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Cerebral visual impairment (CVI) is the most common cause of visual impairment affecting children in the economically developed world, with the prediction that numbers will continue to rise with continued advancements in medical care for neonates. Despite this increase, many children are still being supported with approaches that have been developed for children with ocular visual impairments, as there are limited evidence-based approaches for supporting children with CVI. For her doctoral research, Nicola McDowell proposed a CVI practice framework to help meet the specific needs of children with CVI that can be used within an education or habilitation/rehabilitation context. The framework was based on her own experience of developing a successful rehabilitation programme to improve her visual and overall functioning following a late CVI diagnosis. From this programme, Nicola identified three main components that led to the improvements in her quality of life. These included the development of an individual CVI profile, an individualised programme, and empowerment through the attainment of knowledge. To ascertain whether a similar approach could be effective for children with CVI, Nicola conducted a number of different research projects to assess the effectiveness of each individual component and the overall framework. Results from the different research projects show that the CVI practice framework has the potential to be an effective approach for supporting children with CVI.
In the first session of the series, Nicola will provide a brief overview of cerebral visual impairment. This will include a background to the history of CVI and introducing the concept that CVI is an umbrella term for a range of different visual issues caused by damage or injury to the visual brain. Nicola will also discuss the continuum of CVI related visual issues, from those with normal or near normal visual acuity and significant visual perceptual issues (issues with the higher visual functions) to those who appear functionally blind. Alongside this, Nicola will discuss the impact these visual issues can have on a child’s visual and overall functioning.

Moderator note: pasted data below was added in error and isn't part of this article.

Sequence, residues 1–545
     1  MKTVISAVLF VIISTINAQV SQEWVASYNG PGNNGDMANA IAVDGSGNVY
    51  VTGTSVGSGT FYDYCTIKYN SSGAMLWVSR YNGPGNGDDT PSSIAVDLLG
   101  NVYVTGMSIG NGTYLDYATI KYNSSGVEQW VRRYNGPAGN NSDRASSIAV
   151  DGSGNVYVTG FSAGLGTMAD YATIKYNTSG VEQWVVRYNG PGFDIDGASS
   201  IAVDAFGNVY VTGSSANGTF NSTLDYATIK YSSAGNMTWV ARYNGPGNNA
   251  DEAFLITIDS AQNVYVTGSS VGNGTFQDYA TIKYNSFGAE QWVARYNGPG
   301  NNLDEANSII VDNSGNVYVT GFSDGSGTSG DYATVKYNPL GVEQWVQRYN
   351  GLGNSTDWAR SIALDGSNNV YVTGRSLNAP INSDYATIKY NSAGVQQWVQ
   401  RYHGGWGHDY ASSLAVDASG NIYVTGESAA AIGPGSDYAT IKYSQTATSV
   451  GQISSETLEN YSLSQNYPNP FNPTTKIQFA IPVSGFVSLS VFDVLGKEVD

Within this session, Nicola will also describe her personal experience of CVI and how this has led to her conducting research in the field of supporting children with CVI. In particular, the development of the CVI practice framework and how this evolved from creating her own rehabilitation programme she developed after receiving a CVI diagnosis 16 years after she acquired the condition following a brain haemorrhage.
In session two, Nicola will focus on the first component of the CVI practice framework, the development of an individualised CVI profile. This will include an exploration of what is needed to develop this CVI profile, including what clinical information and also, what functional vision assessment tools and strategies can be used for children with CVI.
In relation to Nicola’s research, she will introduce the Austin Assessment in this session, which is an assessment tool she developed to identify visual perceptual or higher visual function issues related to CVI. Initial research on the Austin Assessment indicated that this is a very effective tool, and it has since been made into an app for iPads. Nicola is currently conducting research to validate the Austin Assessment.
In the third session, Nicola will explore the second component of the CVI practice framework, individualised plans/programmes. This will include a discussion around the importance of supporting not only the visual needs of children with CVI, but also their emotional and behavioural needs. She will then introduce the strategies she used in her research to support the visual, emotional and behavioural needs of children with CVI.
This session will also explore who should be involved in developing and supporting the individualised plan/programme and how to implement it within the child’s home, school and community environments.
The fourth session will focus on the third component of the CVI practice framework, the empowerment of the child and their parents and the role the attainment of knowledge plays in this. This component of the framework relates back to Nicola’s own experience and is a vital part of the overall approach for supporting children with CVI. Within this session, Nicola will provide an overview of the research she conducted in this area and how she is continuing to focus on the area of empowerment in her ongoing research and work to support children with CVI.
The final session of the series will be focused on bringing it altogether and exploring how the CVI practice framework can be used in practice. Although Nicola’s research focused on supporting children with CVI, the CVI practice framework can also be used with adults with CVI in a rehabilitation context for both acquired and early onset CVI.
In this session, Nicola will also provide an overview of her ongoing work in the area of CVI. This includes research, involvement in CVI working groups, facilitating an adult CVI group and collaborations with other researchers and experts in the field of CVI.
This series will contribute 5 PD points towards COMS recertification with ACVREP/OMAA.